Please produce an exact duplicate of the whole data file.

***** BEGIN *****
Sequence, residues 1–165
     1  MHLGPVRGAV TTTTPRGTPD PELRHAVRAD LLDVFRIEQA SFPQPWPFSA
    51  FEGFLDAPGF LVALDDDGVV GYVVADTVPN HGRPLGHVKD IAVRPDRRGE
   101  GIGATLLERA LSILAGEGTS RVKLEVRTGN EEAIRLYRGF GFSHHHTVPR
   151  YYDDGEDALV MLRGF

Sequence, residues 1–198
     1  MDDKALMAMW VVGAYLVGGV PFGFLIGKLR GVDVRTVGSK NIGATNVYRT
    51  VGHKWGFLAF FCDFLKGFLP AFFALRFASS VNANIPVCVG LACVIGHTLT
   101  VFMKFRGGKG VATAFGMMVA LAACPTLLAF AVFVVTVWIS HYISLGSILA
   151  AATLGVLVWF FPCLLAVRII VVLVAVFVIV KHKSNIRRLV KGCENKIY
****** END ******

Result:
Sequence, residues 1–165
     1  MHLGPVRGAV TTTTPRGTPD PELRHAVRAD LLDVFRIEQA SFPQPWPFSA
    51  FEGFLDAPGF LVALDDDGVV GYVVADTVPN HGRPLGHVKD IAVRPDRRGE
   101  GIGATLLERA LSILAGEGTS RVKLEVRTGN EEAIRLYRGF GFSHHHTVPR
   151  YYDDGEDALV MLRGF

Sequence, residues 1–198
     1  MDDKALMAMW VVGAYLVGGV PFGFLIGKLR GVDVRTVGSK NIGATNVYRT
    51  VGHKWGFLAF FCDFLKGFLP AFFALRFASS VNANIPVCVG LACVIGHTLT
   101  VFMKFRGGKG VATAFGMMVA LAACPTLLAF AVFVVTVWIS HYISLGSILA
   151  AATLGVLVWF FPCLLAVRII VVLVAVFVIV KHKSNIRRLV KGCENKIY